It's great that you are trying to develop a more detailed understanding of inner alignment. I noticed that you didn't talk about deception much. In particular, the statement below is false:

Generalization <=> accurate priors + diverse data

You have to worry about what John Wentworth calls 'manipulation of imperfect search.' You can have accurate priors and diverse data and (unless you have infinite data) the training process could produce a deceptive agent that is able to maintain its misalignment. 

Comment by joshua-clymer on [deleted post] 2022-06-18T18:50:21.377Z

I'm guessing that you are referring to this:

Another strategy is to use intermittent oversight – i.e. get an amplified version of the current aligned model to (somehow) determine whether the upgraded model has the same objective before proceeding.

The intermittent oversight strategy does depend on some level of transparency. This is only one of the ideas I mentioned though (and it is not original). The post in general does not assume anything about our transparency capabilities. 

Comment by joshua-clymer on [deleted post] 2022-06-17T04:37:52.770Z

I'm not sure I understand. We might not be on the same page.

Here's the concern I'm addressing:
Let's say we build a fully aligned human-level AGI, but we want to scale it up to superintelligence. This seems much harder to do safely than to train the human-level AGI since you need a training signal that's better than human feedback/imitation.

Here's the point I am making about that concern:
It might actually be quite easy to scale an already aligned AGI up to superintelligence -- even if you don't have a scalable outer-aligned training signal -- because the AGI will be motivated to crystallize its aligned objective.

Comment by joshua-clymer on [deleted post] 2022-06-17T03:20:09.393Z

Thanks for the thoughtful review! I think this is overall a good read of what I was saying. I agree now that redundancy would not work. 

One clarification:

The mesaobjective that was aligned to our base objective in the original setting is no longer aligned in the new setting

When I said that the 'human-level' AGI is assumed to be aligned, I meant that it has an aligned mesa-objective (corrigibly or internally) -- not that it has an objective that was functionally aligned on the training distribution, but may not remain aligned under distribution shift. I thought that internally/corrigibly aligned mesa-objectives are intent-aligned on all (plausible) distributions by definition...

Comment by joshua-clymer on [deleted post] 2022-06-16T21:53:10.712Z

Adding some thoughts that came out of a conversation with Thomas Kwa:

Gradient hacking seems difficult. Humans have pretty weak introspective access to their goals. I have a hard time determining whether my goals have changed or if I have gained information about what they are. There isn't a good reason to believe that the AIs we build will be different.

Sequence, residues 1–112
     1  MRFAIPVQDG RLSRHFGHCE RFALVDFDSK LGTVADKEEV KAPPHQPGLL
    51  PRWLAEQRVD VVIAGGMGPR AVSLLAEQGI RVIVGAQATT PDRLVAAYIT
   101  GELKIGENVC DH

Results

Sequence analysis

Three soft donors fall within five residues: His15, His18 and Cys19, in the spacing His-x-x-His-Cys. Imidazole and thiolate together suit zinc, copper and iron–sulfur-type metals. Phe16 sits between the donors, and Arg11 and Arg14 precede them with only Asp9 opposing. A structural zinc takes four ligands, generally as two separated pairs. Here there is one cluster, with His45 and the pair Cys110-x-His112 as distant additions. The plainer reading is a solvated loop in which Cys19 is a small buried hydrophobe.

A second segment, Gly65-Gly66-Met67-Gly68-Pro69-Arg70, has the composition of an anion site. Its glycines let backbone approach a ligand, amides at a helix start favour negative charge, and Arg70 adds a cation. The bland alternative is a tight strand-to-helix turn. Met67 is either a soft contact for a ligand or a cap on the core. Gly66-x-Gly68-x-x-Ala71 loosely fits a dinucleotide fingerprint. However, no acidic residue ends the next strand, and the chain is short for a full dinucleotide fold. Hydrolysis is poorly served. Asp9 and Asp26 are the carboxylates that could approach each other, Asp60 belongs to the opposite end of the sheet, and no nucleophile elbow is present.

Comment by joshc (joshua-clymer) on A Bird's Eye View of the ML Field [Pragmatic AI Safety #2] · 2022-05-25T18:05:02.848Z · LW · GW

Safety and value alignment are generally toxic words, currently. Safety is becoming more normalized due to its associations with uncertainty, adversarial robustness, and reliability, which are thought respectable. Discussions of superintelligence are often derided as “not serious”, “not grounded,” or “science fiction.”


Here's a relevant question in the 2016 survey of AI researchers:


These numbers seem to conflict with what you said but maybe I'm misinterpreting you. If there is a conflict here, do you think that if this survey was done again, the results would be different? Or do you think these responses do not provide an accurate impression of how researchers actually feel/felt (maybe because of agreement bias or something)?

Comment by joshc (joshua-clymer) on Biology-Inspired AGI Timelines: The Trick That Never Works · 2022-05-03T00:13:57.106Z · LW · GW

I have an objection to the point about how AI models will be more efficient because they don't need to do massive parallelization:

Massive parallelization is useful for AI models too and for somewhat similar reasons. Parallel computation allows the model to spit out a result more quickly. In the biological setting, this is great because it means you can move out of the way when a tiger jumps toward you. In the ML setting, this is great because it allows the gradient to be computed more quickly. The disadvantage of parallelization is that it means that more hardware is required. In the biological setting, this means bigger brains. Big brains are costly. They use up a lot of energy and make childbearing more difficult as the skulls need to fit through the birth canal.

In the ML setting, however, big brains are not as costly. We don't need to fit our computers in a skull. So, it is not obvious to me that ML models will do fewer computations in parallel than biological brains.

Some relevant information:

  • According to Scaling Laws for Neural Language Models, model performance depends strongly on model size but very weakly on shape (depth vs width).
  • An explanation for the above is that deep residual networks have been observed to behave like Ensembles of shallow networks.
  • GPT-3 uses 96 layers (decoder blocks). That isn't very many serial computations. If a matrix multiplication, softmax, relu, or vector addition count as atomic computations, then there are 11 serial computations per layer, so that's only 1056 serial computations. It is unclear how to compare this to biological neurons as each neuron may require a number of these serial computations to properly simulate.
  • PALM has 3 times more parameters than GPT-3 but only has 118 layers.
Comment by joshc (joshua-clymer) on What 2026 looks like · 2022-04-20T18:32:11.549Z · LW · GW

Here's another milestone in AI development that I expect to happen in the next few years which could be worth noting: